The Drama of Humanity and Other Miscellaneous Papers, 1939-1985 (CW33)
by Eric Voegelin
edited by William Petropulos and Gilbert Weiss
introduction by William Petropulos and Gilbert Weiss
University of Missouri Press, 2004
eISBN: 978-0-8262-6433-6 | Cloth: 978-0-8262-1545-1
Library of Congress Classification B3354.V88 1989
Dewey Decimal Classification 193

ABOUT THIS BOOK | AUTHOR BIOGRAPHY
ABOUT THIS BOOK

This second volume of Eric Voegelin’s miscellaneous papers contains unpublished writings from the time of his forced emigration from Austria in 1938 until his death in 1985. The volume’s focus is on dialogue and discussion, presenting Voegelin in the role of lecturer, discussant, and respondent. “The Drama of Humanity” presents the Walter Turner Candler Lectures delivered in four parts at Emory University in 1967. This text, a small book in itself, addresses the themes of “The Contemporary Situation,” “Man in the Cosmos,” “The Epiphany of Man,” and “Man in Revolt,” providing the reader with a good introduction to Voegelin’s later work.

Another extensive text included in this volume is “Conversations with Eric Voegelin at the Thomas More Institute” in Montreal. These exchanges include lectures and discussions given by Voegelin between 1967 and 1976. A number of other sections offer insight into Voegelin’s intellectual development over a period of forty years. These include the complete “Foreword” to the second edition of The Political Religions, which is published here for the first time; “Notes on T. S. Eliot’s Four Quartets;” the “Cycle Theory and Disintegrations;” “What Is Political Theory?;” “The Spiritual and Political Future of the Western World;” “Notes on ‘Civilization and Foreign Affairs;’” “Structures of Consciousness;” “The Beyond and Its Parousia;” and the 1983 “Responses at the Panel Discussion of ‘The Beginning of the Beginning.’”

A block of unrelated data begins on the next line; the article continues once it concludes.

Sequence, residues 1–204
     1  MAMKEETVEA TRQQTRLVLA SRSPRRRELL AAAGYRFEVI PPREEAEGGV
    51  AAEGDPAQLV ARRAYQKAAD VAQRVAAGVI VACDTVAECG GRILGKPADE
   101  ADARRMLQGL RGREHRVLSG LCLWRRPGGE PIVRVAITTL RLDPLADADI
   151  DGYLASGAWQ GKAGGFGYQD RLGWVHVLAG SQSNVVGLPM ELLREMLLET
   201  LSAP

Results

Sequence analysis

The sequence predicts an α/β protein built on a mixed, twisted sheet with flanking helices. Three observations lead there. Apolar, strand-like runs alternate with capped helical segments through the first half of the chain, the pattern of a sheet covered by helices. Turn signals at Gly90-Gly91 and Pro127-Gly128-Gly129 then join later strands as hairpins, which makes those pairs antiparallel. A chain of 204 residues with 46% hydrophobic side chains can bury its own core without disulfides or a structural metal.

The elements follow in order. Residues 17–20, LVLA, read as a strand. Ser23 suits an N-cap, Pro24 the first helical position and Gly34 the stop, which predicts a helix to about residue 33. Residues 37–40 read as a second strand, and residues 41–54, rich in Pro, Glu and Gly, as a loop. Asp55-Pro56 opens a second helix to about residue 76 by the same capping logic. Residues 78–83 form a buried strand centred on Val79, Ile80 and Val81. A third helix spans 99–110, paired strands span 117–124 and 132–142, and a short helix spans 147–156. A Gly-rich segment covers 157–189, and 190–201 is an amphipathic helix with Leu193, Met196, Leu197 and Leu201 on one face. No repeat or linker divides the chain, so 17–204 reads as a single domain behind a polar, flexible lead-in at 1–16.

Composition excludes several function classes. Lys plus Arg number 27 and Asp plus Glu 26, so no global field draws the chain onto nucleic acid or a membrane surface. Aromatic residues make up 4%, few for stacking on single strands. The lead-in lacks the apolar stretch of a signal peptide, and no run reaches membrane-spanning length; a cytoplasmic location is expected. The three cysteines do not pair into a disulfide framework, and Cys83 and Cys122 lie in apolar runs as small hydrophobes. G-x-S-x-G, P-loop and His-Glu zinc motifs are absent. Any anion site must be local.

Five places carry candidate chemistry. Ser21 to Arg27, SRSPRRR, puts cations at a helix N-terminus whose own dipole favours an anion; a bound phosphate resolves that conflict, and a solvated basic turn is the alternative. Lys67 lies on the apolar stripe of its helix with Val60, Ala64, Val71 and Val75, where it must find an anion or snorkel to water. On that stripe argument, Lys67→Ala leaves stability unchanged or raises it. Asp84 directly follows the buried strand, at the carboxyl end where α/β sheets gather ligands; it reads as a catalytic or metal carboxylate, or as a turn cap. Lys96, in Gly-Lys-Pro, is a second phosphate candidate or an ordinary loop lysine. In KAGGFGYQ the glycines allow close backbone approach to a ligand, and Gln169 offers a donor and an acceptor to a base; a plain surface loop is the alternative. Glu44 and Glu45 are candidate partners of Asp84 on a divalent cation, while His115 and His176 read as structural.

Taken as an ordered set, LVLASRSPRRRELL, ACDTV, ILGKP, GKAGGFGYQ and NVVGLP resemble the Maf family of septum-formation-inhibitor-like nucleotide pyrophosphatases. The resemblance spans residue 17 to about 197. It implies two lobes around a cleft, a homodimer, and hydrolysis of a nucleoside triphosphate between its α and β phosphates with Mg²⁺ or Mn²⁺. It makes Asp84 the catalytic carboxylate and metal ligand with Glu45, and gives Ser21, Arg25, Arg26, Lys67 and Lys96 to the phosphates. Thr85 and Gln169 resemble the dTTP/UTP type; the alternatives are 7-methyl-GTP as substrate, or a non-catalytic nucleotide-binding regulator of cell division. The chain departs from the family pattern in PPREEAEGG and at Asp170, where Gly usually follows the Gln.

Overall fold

Several lengthy excerpts from conference dialogues with other scholars are also included: “The West and the Meaning of Industrial Society,” “Natural Law in Political Theory,” and “Man in Political Institutions.” Volume 33 concludes with Voegelin’s “Autobiographical Statement at the Age of Eighty-Two,” his last public utterance on the course of his life and his life’s work. By choosing dialogue as the focus of this volume, Petropulos and Weiss are able to show not only the extent to which Voegelin engaged in an exchange of ideas but also his abiding concern for the practical and theoretical conditions necessary in order for this exchange to take place.


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